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Ann Intern Med. 1994 Nov 1;121(9):676-83.

Interactions of warfarin with drugs and food.

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  • 1McMaster University, Hamilton, Ontario, Canada.

Abstract

PURPOSE:

To evaluate the quality of studies about drugs and food interactions with warfarin and their clinical relevance.

DATA SOURCES:

MEDLINE and TOXLINE databases from 1966 to October 1993 using the Medical Subject Headings warfarin, drug interactions, and English only.

STUDY SELECTION:

All articles reporting original data on drug and food interactions with warfarin.

DATA EXTRACTION:

Each report, rated independently by at least two investigators (using causality assessment), received a summary score indicating the level of assurance (level 1 = highly probable, level 2 = probable, level 3 = possible, and level 4 = doubtful) that a clinically important interaction had or had not occurred. Inter-rater agreement was assessed using a weighted kappa statistic.

RESULTS:

Of 793 retrieved citations, 120 contained original reports on 186 interactions. The weighted kappa statistic was 0.67, representing substantial agreement. Of 86 different drugs and foods appraised, 43 had level 1 evidence. Of these, 26 drugs and foods did interact with warfarin. Warfarin's anticoagulant effect was potentiated by 6 antibiotics (cotrimoxazole, erythromycin, fluconazole, isoniazid, metronidazole, and miconazole); 5 cardiac drugs (amiodarone, clofibrate, propafenone, propranolol, and sulfinpyrazone); phenylbutazone; piroxicam; alcohol (only with concomitant liver disease); cimetidine; and omeprazole. Three patients had a hemorrhage at the time of a potentiating interaction (caused by alcohol, isoniazid, and phenylbutazone). Warfarin's anticoagulant effect was inhibited by 3 antibiotics (griseofulvin, rifampin, and nafcillin); 3 drugs active on the central nervous system (barbiturates, carbamazepine, and chlordiazepoxide); cholestyramine; sucralfate; foods high in vitamin K; and large amounts of avocado.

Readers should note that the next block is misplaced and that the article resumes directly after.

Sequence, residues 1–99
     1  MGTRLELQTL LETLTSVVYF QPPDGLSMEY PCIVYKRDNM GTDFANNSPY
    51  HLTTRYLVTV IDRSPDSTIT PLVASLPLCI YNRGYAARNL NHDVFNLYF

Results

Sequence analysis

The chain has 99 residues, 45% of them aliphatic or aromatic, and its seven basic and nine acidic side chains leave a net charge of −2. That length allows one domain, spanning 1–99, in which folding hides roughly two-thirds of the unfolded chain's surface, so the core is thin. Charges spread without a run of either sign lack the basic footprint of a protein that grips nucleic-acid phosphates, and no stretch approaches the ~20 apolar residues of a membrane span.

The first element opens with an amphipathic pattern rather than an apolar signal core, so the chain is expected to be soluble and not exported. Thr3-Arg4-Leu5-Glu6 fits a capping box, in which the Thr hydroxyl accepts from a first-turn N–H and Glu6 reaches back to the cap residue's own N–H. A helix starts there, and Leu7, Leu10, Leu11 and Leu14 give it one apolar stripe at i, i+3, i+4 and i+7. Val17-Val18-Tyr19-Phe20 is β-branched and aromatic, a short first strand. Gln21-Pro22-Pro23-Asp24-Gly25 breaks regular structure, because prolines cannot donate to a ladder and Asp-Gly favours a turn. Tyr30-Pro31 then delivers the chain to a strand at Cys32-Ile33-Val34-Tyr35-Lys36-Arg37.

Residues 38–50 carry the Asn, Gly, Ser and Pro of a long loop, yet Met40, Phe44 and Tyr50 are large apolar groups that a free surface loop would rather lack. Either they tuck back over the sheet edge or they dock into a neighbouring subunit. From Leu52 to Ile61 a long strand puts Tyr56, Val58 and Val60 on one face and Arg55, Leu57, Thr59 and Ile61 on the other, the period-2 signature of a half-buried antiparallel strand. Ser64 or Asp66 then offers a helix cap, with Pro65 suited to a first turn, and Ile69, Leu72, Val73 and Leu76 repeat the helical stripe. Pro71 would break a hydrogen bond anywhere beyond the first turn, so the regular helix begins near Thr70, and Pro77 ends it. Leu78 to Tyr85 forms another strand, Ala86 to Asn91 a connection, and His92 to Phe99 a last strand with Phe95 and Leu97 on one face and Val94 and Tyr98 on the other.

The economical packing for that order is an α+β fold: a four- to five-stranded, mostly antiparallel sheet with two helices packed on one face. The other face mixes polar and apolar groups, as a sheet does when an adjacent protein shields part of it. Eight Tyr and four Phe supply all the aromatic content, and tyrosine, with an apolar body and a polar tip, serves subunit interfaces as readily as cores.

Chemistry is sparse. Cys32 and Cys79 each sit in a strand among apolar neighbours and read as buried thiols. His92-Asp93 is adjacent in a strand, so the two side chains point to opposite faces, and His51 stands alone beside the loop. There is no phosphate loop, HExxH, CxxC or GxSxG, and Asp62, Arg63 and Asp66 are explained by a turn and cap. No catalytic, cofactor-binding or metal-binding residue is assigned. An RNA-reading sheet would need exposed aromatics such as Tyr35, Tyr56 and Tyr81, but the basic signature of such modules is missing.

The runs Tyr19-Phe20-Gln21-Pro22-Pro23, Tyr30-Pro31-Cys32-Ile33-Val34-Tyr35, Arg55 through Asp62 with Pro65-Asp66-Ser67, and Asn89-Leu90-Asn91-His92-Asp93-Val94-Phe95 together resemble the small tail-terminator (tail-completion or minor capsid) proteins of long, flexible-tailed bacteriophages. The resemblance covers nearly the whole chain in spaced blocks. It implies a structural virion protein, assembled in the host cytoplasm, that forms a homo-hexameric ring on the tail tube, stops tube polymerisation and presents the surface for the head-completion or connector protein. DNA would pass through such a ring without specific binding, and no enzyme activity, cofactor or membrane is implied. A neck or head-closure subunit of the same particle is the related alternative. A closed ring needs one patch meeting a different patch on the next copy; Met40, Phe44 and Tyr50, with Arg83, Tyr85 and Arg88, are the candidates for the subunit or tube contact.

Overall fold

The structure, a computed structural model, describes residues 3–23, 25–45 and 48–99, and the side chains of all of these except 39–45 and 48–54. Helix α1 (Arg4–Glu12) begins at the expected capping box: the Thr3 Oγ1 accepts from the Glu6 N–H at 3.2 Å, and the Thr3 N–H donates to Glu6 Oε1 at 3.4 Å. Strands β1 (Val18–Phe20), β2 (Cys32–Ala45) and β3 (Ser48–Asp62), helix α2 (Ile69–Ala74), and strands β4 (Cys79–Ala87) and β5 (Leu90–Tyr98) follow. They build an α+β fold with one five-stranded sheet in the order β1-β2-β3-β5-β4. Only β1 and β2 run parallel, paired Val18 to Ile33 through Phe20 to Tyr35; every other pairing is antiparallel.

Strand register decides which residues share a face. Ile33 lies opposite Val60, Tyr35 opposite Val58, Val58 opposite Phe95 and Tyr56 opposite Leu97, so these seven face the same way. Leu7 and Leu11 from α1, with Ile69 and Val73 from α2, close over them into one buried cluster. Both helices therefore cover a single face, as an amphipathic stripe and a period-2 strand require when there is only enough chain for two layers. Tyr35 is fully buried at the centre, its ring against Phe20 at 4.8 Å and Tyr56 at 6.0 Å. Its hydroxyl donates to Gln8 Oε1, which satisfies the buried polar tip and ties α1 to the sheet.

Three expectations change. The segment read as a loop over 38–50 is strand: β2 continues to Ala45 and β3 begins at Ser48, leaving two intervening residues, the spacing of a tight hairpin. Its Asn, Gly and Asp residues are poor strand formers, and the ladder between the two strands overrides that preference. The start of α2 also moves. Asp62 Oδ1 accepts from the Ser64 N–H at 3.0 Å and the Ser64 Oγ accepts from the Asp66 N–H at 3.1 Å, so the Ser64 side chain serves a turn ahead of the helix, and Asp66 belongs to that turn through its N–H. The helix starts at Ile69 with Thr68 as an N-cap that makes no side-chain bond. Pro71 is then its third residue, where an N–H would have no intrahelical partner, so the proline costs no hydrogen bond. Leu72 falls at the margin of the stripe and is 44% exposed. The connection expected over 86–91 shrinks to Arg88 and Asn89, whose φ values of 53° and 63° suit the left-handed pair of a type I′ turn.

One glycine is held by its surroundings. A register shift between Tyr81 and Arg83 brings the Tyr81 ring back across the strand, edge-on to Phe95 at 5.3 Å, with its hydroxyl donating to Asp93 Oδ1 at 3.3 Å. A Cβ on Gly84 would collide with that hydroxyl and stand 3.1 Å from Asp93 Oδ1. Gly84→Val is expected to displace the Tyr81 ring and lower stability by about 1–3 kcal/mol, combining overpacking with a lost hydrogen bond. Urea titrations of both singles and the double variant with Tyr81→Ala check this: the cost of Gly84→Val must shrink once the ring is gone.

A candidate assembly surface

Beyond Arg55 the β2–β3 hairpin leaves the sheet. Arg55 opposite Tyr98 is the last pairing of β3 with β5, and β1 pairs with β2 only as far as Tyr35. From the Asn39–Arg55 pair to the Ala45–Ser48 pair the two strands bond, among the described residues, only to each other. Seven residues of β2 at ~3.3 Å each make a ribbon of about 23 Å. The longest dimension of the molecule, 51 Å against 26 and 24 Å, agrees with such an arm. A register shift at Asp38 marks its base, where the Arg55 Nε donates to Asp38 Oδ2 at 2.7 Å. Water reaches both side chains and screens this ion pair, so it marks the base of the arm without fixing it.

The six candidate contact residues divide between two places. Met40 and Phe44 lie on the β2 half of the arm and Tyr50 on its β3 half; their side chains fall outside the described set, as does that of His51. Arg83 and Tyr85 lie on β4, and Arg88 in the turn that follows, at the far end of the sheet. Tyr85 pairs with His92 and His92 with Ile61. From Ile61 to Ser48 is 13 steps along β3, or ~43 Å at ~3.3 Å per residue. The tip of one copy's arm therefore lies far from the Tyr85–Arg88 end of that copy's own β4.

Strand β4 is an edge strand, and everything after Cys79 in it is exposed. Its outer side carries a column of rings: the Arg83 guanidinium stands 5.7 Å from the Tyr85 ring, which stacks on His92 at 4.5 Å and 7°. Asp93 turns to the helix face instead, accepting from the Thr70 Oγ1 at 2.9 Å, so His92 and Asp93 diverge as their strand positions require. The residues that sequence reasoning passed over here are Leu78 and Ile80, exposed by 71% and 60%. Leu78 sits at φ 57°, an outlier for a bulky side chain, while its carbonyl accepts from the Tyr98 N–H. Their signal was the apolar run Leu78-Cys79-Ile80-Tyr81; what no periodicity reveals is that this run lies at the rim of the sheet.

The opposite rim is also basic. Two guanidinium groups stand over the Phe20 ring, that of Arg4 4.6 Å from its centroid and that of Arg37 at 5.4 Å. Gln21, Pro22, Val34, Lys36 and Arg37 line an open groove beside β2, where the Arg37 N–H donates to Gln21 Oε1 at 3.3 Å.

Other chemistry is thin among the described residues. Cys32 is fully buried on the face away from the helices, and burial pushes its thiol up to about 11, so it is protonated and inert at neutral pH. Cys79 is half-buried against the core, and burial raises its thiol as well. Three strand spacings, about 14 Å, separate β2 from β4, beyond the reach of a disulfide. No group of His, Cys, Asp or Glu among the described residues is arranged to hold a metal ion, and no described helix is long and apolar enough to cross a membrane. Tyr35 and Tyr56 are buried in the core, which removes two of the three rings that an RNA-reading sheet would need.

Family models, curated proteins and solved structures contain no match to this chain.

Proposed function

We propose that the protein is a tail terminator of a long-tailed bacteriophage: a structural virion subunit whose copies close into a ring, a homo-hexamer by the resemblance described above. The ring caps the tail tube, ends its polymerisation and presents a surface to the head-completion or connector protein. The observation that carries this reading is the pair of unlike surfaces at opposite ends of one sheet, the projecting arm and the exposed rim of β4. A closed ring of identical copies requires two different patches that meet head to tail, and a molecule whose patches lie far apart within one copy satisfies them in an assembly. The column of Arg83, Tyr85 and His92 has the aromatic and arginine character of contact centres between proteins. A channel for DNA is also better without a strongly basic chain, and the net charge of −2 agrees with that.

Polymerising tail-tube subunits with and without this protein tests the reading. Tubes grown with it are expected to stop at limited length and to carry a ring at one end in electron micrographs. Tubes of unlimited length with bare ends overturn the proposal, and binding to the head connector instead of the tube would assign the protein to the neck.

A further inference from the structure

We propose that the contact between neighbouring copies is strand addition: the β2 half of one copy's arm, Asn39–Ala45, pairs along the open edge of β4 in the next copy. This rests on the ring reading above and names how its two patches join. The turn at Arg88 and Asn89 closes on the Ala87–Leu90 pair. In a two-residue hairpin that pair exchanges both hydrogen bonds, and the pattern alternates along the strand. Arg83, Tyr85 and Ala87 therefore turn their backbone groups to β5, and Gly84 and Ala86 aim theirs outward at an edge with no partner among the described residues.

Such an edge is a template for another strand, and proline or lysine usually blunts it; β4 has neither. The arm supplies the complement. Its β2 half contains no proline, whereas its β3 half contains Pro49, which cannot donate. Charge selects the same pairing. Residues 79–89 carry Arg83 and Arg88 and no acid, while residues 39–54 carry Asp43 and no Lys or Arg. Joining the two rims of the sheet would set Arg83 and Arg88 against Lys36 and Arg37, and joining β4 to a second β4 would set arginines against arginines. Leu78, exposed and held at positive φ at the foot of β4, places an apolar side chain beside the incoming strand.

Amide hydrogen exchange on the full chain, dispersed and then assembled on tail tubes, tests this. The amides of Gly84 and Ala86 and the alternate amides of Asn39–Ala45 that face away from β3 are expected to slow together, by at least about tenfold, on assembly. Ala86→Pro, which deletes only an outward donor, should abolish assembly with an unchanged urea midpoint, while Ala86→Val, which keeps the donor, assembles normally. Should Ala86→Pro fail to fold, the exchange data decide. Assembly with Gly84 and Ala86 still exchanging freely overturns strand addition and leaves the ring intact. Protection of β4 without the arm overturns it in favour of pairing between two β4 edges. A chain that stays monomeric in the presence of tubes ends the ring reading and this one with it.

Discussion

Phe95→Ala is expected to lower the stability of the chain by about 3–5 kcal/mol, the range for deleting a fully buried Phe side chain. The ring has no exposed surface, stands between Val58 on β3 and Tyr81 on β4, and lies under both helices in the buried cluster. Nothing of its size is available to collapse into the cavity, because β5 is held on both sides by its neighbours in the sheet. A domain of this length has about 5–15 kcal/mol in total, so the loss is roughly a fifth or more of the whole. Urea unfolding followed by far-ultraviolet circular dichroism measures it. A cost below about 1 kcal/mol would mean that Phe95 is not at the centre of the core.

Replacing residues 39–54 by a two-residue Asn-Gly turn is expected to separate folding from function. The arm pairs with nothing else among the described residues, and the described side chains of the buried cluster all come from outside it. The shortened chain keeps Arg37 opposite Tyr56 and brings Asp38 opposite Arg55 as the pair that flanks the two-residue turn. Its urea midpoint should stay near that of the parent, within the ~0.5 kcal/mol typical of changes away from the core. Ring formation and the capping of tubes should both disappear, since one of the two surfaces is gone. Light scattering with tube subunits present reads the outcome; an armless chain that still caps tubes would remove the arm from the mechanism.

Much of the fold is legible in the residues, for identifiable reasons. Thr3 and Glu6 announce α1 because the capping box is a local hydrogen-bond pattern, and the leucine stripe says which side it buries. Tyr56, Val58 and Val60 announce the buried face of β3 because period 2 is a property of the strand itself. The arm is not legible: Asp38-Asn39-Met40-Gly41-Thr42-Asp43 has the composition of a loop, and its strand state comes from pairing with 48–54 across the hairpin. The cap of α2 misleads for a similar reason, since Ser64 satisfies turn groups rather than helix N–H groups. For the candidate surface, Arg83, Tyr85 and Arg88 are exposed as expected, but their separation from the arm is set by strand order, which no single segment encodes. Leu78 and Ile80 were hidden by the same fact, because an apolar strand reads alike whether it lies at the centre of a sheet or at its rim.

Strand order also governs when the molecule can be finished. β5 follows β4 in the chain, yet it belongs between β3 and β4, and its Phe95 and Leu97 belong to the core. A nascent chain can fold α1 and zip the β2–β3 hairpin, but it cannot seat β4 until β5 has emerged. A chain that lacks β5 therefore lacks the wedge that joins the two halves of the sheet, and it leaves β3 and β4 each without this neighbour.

CONCLUSIONS:

Many drugs and foods interact with warfarin, including antibiotics, drugs affecting the central nervous system, and cardiac medications. Many of these drug interactions increase warfarin's anticoagulant effect.

Comment in

  • ACP J Club. 1995 Mar-Apr;122(2):44.
PMID:
7944078
[PubMed - indexed for MEDLINE]
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